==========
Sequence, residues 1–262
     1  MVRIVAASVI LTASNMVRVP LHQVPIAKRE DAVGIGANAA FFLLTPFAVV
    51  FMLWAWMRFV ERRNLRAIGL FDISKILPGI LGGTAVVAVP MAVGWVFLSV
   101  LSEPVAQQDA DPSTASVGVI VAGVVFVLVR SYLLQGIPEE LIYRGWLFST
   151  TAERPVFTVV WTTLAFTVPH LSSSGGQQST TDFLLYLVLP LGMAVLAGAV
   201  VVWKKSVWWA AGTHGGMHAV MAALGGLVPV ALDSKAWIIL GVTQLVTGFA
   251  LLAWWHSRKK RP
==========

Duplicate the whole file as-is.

Sequence, residues 1–262
     1  MVRIVAASVI LTASNMVRVP LHQVPIAKRE DAVGIGANAA FFLLTPFAVV
    51  FMLWAWMRFV ERRNLRAIGL FDISKILPGI LGGTAVVAVP MAVGWVFLSV
   101  LSEPVAQQDA DPSTASVGVI VAGVVFVLVR SYLLQGIPEE LIYRGWLFST
   151  TAERPVFTVV WTTLAFTVPH LSSSGGQQST TDFLLYLVLP LGMAVLAGAV
   201  VVWKKSVWWA AGTHGGMHAV MAALGGLVPV ALDSKAWIIL GVTQLVTGFA
   251  LLAWWHSRKK RP